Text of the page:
The services sector contributes more to GDP and requires a labour force with high skills
Image: Umesh Goswami/ The India Today Group/ Getty Images
In a country where an estimated 1.2 crore to 1.6 crore people come into the workforce each year, jobs, or the lack of them, remain a cause for concern. With the 2019 general elections barely a year away, the discussion over how to revive a slackening pace of growth (6.6 percent in FY18 compared to 7.1 percent in FY17) is starting to get louder. India has a long way to go to touch the 9 percent growth that we saw a decade ago. However, even as the country aims for that, the need of the hour is to provide adequate employment to its growing labour force.
The data conundrum
According to a report titled ‘Jobless Growth?’ released last month, the World Bank said that even to keep employment rates constant, India needs to create 8 million jobs per year. Prime Minister Narendra Modi had, during an election campaign speech in November 2013, promised to create one crore new jobs each year if voted to power. Experts say it is difficult to assess how many jobs have actually been created, considering there is no updated and comparable data from a singular agency.
The Labour Bureau’s annual household employment survey of those working in the organised and unorganised sectors of the economy showed a decline in total employment in India from 48.04 crore in 2013-14 to 46.76 crore in 2015-16.
This survey has now been replaced by the Labour Bureau’s quarterly employment studies. However, these take into consideration only eight sectors: Manufacturing, construction, health, trade, transport, education, IT/BPO and accommodation/restaurants. This data reveals a rise of 1.22 lakh jobs during the period between October 2016 and January 2017 and 2.31 lakh jobs in total (in the nine months beyond April 2016), to help create a total employment of 207.53 lakh over the period, official data shows.
These figures—not yet verified—are based on responses from establishments which employ 10 or more workers, resulting in data collected from 10,600 units across India.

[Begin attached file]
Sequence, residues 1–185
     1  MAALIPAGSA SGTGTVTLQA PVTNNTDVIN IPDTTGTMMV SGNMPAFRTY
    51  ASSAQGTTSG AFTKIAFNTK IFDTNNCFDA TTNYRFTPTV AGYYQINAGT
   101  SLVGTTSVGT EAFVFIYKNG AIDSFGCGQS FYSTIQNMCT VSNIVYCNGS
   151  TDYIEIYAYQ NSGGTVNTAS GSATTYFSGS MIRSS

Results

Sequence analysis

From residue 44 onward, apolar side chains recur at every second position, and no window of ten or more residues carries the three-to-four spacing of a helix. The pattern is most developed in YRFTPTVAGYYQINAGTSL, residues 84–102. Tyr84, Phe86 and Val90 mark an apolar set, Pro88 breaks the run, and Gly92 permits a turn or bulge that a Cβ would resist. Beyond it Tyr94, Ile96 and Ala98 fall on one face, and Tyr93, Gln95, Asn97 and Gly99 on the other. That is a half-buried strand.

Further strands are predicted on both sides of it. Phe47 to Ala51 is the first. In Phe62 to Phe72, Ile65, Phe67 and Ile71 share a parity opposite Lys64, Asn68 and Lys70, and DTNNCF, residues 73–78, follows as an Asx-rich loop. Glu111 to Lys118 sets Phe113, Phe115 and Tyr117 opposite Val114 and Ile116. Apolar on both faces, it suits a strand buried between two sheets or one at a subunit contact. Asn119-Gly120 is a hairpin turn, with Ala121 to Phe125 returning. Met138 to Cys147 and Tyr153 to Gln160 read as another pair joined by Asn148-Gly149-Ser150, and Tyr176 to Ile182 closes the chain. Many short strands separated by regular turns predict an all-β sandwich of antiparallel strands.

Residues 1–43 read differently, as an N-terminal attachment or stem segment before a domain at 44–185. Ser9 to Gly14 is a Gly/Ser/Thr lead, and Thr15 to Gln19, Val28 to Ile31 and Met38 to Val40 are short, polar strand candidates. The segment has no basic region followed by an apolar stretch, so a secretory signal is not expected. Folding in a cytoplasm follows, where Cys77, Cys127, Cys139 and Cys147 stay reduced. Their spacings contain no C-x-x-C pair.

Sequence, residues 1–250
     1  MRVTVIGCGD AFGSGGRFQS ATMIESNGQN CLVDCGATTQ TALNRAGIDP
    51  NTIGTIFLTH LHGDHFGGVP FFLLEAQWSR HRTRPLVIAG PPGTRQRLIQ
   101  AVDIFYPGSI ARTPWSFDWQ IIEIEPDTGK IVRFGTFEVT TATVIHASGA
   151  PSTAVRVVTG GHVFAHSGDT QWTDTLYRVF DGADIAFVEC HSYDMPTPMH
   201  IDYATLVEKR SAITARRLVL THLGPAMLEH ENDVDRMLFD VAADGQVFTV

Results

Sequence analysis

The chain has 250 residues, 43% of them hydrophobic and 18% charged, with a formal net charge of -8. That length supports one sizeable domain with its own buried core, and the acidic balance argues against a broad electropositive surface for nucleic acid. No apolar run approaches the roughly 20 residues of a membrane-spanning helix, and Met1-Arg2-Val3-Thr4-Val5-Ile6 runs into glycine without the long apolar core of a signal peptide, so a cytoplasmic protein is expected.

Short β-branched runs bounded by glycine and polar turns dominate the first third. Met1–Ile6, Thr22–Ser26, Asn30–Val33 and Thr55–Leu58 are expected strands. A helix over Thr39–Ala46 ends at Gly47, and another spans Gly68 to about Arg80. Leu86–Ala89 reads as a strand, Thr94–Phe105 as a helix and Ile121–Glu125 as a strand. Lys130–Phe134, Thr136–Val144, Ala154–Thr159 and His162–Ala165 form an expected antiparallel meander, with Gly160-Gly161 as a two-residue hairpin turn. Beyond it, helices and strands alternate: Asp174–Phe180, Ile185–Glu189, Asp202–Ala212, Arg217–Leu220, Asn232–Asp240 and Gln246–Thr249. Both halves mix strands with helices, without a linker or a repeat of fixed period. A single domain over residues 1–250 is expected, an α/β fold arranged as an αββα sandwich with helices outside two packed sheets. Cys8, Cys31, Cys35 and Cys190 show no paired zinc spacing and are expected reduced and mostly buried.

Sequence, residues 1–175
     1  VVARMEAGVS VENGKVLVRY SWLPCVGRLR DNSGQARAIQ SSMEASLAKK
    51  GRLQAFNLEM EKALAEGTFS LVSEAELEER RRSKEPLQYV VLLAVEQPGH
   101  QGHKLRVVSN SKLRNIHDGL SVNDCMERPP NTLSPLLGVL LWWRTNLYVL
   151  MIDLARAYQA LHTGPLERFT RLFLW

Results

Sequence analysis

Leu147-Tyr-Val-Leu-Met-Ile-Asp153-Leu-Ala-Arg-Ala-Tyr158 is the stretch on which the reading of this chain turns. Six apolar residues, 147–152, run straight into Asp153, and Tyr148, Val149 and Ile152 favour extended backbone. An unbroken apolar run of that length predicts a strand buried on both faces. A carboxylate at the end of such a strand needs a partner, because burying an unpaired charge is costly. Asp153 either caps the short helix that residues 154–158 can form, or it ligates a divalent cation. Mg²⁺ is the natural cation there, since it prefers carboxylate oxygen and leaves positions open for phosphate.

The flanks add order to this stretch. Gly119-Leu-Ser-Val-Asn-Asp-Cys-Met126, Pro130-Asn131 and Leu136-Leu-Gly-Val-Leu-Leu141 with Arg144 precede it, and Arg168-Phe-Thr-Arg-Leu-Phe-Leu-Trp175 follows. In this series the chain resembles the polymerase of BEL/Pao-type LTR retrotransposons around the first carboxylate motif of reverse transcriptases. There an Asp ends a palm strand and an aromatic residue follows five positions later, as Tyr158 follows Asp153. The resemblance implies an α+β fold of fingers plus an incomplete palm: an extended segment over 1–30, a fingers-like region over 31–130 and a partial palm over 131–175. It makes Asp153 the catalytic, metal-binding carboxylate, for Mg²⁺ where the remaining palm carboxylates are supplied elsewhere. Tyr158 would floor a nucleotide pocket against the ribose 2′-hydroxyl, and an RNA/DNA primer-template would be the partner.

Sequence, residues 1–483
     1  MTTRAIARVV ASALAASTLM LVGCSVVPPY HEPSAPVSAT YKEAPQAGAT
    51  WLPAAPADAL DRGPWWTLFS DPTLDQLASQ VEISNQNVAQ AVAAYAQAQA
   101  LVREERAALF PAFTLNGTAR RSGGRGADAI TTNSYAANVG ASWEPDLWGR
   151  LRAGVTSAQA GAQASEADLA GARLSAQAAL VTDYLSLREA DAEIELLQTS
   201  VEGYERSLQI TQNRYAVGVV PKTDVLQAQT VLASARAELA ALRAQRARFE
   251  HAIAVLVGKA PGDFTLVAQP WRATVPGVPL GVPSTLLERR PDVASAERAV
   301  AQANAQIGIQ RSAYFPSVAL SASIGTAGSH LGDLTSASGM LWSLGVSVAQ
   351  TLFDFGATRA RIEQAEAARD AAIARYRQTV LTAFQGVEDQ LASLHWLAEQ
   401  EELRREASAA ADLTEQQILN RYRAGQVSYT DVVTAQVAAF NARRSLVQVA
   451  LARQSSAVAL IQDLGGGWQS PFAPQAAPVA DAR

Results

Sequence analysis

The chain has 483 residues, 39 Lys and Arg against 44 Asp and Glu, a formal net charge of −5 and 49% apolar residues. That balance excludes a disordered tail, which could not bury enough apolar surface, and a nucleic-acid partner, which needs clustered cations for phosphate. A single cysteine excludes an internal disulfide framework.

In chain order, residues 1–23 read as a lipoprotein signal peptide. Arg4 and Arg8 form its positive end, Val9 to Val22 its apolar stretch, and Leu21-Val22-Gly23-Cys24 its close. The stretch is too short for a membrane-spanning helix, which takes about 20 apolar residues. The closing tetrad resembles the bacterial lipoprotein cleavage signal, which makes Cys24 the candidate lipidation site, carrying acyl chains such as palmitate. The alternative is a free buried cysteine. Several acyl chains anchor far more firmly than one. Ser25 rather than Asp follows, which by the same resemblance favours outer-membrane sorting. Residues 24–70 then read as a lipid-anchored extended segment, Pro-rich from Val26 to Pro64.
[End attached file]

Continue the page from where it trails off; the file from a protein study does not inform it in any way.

Another all-India study, from the National Sample Survey Office, under the ministry of Statistics and Programme Implementation, released in March 2018 reveals that the total number of workers across India in unorganised manufacturing firms (excluding construction), rose to 3.6 crore in 2015-16, from 3.48 crore in 2010-11.
Meanwhile, in January, the prime minister quoted from a payroll study that showed that 70 lakh new EPFO (employment provident fund) accounts had been opened in FY18. However, the study, prepared by IIM-Bengaluru professor Pulak Ghosh and State Bank of India’s group chief advisor Soumya Ghosh, has come under criticism from experts for various factors: That the creation of new EPF members does not necessarily indicate new jobs; the data does not record how many informal jobs have turned into formal jobs; it also does not account for job losses in FY17 and FY18 due to the impact of demonetisation and the implementation of the Goods and Services Tax (GST).
New jobs, particularly in rural India, were created under MGNREGA (Mahatma Gandhi National Rural Employment Guarantee Act). According to the MGNREGA website, the government provided employment across India to 3.94 crore households out of the 4.58 crore households that demanded employment, from 2014-15 to May 2018. However, only 17.4 lakh households availed of 100 days of employment, according to the website.
Low investment woes
All the statistics mentioned above, though subsets of a larger picture, show that jobs are being created, but not at the pace at which India needs them.
“We are growing at a rapid pace of 6-7 percent each year. However, jobs are not growing [that fast]. So, it is fair to say that we are seeing jobless growth,” says Mahesh Vyas, managing director and CEO of the privately owned Centre for Monitoring Industrial Economy (CMIE).
The main factor for the low rate of job creation is low investments, according to data from CMIE. The investment rate has fallen to 28.5 percent in 2017-18 from 34.3 percent in 2011-12. According to CMIE’s CapEx database, the value of new investment proposals has fallen steeply to ₹7 trillion in 2017-18 from ₹25 trillion in 2010-11.
Companies in the private sector have been plagued by high debt and bad loans, while banks with weak balance sheets have been unable to lend more for projects. Weak export demand has also hurt investment opportunities and local job creation. “Infrastructure projects and credit lending bottlenecks, existing inflexible labour regulations, skill deficit and even skill mismatches have led to the jobs problem,” says Radhicka Kapoor, a research fellow at economic policy think tank Indian Council for Research on International Economic Relations (ICRIER).
From 2005 to 2010, when India’s economy grew by nearly 9 percent in four out of six years, the economy underwent a structural transformation by rapidly advancing from an agriculture-led one to a services-led one, whereas industrial development slowed down. Since then, the services sector has been providing more jobs than the labour-intensive manufacturing one which indicates that India has been unable to create voluminous jobs that lead to higher growth.